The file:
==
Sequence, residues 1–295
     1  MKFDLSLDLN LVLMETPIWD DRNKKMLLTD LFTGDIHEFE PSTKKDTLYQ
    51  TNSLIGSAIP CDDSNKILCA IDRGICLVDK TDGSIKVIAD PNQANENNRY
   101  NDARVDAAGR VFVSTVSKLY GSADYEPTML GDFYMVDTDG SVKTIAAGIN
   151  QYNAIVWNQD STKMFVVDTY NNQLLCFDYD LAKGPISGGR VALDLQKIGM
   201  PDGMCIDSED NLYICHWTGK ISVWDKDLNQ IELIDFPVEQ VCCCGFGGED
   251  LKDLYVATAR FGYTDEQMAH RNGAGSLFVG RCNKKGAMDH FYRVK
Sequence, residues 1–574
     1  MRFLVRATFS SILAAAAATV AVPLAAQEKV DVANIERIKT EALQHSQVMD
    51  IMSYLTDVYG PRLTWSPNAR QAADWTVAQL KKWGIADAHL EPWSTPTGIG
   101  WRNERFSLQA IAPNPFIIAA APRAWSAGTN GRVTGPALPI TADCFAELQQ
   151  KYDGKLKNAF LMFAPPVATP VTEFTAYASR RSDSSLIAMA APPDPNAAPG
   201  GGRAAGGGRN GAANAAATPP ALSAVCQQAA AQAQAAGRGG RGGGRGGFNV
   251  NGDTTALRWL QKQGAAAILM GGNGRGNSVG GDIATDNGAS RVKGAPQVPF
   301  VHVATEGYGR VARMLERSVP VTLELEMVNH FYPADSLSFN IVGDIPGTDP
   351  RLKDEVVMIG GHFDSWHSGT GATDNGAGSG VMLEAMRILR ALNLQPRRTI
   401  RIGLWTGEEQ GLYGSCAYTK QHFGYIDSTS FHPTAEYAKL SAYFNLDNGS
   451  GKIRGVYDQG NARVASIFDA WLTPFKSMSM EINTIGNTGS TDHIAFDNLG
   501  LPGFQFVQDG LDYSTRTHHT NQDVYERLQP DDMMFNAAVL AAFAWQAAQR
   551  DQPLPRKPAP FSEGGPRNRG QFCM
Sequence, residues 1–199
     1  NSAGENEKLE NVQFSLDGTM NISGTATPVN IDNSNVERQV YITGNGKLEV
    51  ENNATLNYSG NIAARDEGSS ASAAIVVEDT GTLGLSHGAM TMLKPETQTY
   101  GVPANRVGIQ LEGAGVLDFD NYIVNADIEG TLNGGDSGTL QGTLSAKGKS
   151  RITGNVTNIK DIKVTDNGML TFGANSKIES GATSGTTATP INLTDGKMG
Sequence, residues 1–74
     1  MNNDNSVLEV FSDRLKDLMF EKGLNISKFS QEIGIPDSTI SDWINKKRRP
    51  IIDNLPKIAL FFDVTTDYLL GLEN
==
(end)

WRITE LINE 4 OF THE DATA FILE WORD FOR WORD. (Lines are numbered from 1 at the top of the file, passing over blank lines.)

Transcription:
   101  NDARVDAAGR VFVSTVSKLY GSADYEPTML GDFYMVDTDG SVKTIAAGIN